Interview: James Rosocha

Dan McAvinchey: James, thanks for joining us, let's get right into it. When did you first get interested in guitar, and how did you learn and progress as a player?

James Rosocha: I started learning the electric bass at age fifteen and was lucky enough to have one of the best private teachers in New Jersey. His name was Harry Leahey and he was a prestigious jazz guitarist who worked with saxophonist Phil Woods. Although I was a bassist, I studied scales, the modes, chords, intervals and repertoire with Harry. He had a very structured, sequential, no nonsense teaching style.

I also studied with bassist Dave LaRue of the Steve Morse Band and the Dixie Dregs. Dave was also a former student of Harry and his teaching style and methods were very similar. I went on to earn my Bachelor of Music Degree from the Berklee College of Music in Boston.

Since graduating I've worked with fusion, funk, jazz, latin bands, and even some theater work. My main gig for over the past twenty years has been with fusion jazz guitarist B.D. Lenz whom I've recorded over nine albums with, and toured both nationally and internationally. We do a yearly tour of Europe every summer and its been a blast.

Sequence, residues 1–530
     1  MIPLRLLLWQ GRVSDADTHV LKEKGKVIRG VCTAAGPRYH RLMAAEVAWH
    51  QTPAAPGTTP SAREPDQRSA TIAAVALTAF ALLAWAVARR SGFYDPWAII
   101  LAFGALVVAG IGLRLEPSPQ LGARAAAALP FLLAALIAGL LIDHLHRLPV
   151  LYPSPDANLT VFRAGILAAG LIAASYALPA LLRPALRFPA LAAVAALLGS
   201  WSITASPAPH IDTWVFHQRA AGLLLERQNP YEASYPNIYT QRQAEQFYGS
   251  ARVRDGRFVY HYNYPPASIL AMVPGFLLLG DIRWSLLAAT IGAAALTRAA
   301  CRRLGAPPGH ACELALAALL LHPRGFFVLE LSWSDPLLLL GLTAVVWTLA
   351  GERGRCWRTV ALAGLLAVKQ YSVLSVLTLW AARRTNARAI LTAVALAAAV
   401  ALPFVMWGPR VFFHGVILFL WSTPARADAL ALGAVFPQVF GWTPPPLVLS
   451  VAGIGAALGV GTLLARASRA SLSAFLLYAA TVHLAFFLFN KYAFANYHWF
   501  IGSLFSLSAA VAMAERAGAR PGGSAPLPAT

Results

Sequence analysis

Dan McAvinchey: Your new album "Avalon" is out, was it self-released?

James Rosocha: After working with the B.D Lenz group for over twenty years and recording nine albums, I was way overdue to record my own CD. All of the tunes were composed on the piano and the bass lines and melodies were added afterwards. We were under the label "Apria Records" for many years before the label went belly up. I decided to release the album independently so I could benefit from sales.

Dan McAvinchey: How would you describe the music on "Avalon" to someone who has never heard you before?

James Rosocha: The music on the album could be described as either funk, funky jazz, or fusion. There are very heavy, bass-driven tunes balanced out with some Latin and lighter compositions. I feel that a full onslaught of heavy funk tunes would be too much for the listener and it's always a good idea to balance the album out with some lighter, more sentimental compositions.

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Dan McAvinchey: Talk about the compositional process, how did you go about writing the songs for "Avalon"?

James Rosocha: In order to compose the music for this album, I really had to get back on the piano and start practicing again. I cracked open all of my Berklee piano method books and even started teaching beginner to intermediate piano students. Something clicked and music began to pour out of me. All of the harmonies were composed on piano before the actual bass lines or melodies were added. I followed this same model on all of the tunes except "Avalon" which is a solo electric bass piece performed on a Spector NS four string.

Dan McAvinchey: Tell us a little about the gear you use to get your sound.

James Rosocha: I have an endorsement with Spector Basses, Eden Amplifiers and Hipshot Detuners. Although I've never been a five string player, Hipshot Detuners allow me the flexibility to detune my "E" string to a low "D" or "C" at the flick of a switch. I also use a Boss ME-50B multi-effects unit for reverb, digital delay and chorus options.